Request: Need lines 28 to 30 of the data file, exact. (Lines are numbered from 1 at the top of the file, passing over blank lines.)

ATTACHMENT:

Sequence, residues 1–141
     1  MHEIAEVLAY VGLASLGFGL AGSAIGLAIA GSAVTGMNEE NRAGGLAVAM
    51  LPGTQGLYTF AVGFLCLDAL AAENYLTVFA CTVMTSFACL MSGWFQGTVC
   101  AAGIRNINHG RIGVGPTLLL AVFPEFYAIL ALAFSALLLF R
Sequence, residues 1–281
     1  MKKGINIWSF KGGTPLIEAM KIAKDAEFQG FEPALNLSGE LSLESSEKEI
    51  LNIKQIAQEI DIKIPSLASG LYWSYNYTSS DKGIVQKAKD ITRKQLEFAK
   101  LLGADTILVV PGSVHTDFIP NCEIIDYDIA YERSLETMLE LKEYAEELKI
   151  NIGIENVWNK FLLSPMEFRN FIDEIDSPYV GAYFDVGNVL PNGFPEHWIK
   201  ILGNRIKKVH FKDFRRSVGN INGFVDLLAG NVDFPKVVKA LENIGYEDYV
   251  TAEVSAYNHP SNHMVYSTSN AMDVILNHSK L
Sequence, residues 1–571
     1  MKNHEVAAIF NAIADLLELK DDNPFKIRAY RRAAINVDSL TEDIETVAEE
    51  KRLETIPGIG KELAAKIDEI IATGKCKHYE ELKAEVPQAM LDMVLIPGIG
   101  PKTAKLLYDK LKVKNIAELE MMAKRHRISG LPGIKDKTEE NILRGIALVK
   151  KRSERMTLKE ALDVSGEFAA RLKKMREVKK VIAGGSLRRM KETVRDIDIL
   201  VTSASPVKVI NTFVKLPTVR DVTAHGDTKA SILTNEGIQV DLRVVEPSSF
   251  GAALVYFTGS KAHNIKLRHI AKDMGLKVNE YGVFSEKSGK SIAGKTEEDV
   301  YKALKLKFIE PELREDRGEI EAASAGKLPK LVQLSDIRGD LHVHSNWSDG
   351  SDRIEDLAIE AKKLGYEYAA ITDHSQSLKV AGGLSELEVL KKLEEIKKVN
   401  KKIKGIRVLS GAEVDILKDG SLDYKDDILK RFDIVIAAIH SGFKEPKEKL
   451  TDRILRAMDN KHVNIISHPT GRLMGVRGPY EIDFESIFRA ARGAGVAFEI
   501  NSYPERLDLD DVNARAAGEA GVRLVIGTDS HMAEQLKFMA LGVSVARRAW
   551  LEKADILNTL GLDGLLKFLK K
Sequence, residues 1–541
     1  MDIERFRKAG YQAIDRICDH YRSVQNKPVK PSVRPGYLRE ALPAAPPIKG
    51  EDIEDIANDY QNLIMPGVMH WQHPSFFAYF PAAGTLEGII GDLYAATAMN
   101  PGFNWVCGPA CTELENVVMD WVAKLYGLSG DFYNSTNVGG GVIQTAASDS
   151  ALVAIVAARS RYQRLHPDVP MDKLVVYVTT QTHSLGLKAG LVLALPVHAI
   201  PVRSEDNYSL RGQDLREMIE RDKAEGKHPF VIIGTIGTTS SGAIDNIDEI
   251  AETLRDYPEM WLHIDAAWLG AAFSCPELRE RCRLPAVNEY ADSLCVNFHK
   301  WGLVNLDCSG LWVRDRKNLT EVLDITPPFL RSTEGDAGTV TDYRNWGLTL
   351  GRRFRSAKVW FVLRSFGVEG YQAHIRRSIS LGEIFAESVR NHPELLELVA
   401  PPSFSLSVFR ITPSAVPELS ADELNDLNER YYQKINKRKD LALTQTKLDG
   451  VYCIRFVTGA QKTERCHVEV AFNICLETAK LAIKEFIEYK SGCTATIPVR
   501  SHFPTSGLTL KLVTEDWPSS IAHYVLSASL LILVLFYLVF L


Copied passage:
   101  PGFNWVCGPA CTELENVVMD WVAKLYGLSG DFYNSTNVGG GVIQTAASDS
   151  ALVAIVAARS RYQRLHPDVP MDKLVVYVTT QTHSLGLKAG LVLALPVHAI
   201  PVRSEDNYSL RGQDLREMIE RDKAEGKHPF VIIGTIGTTS SGAIDNIDEI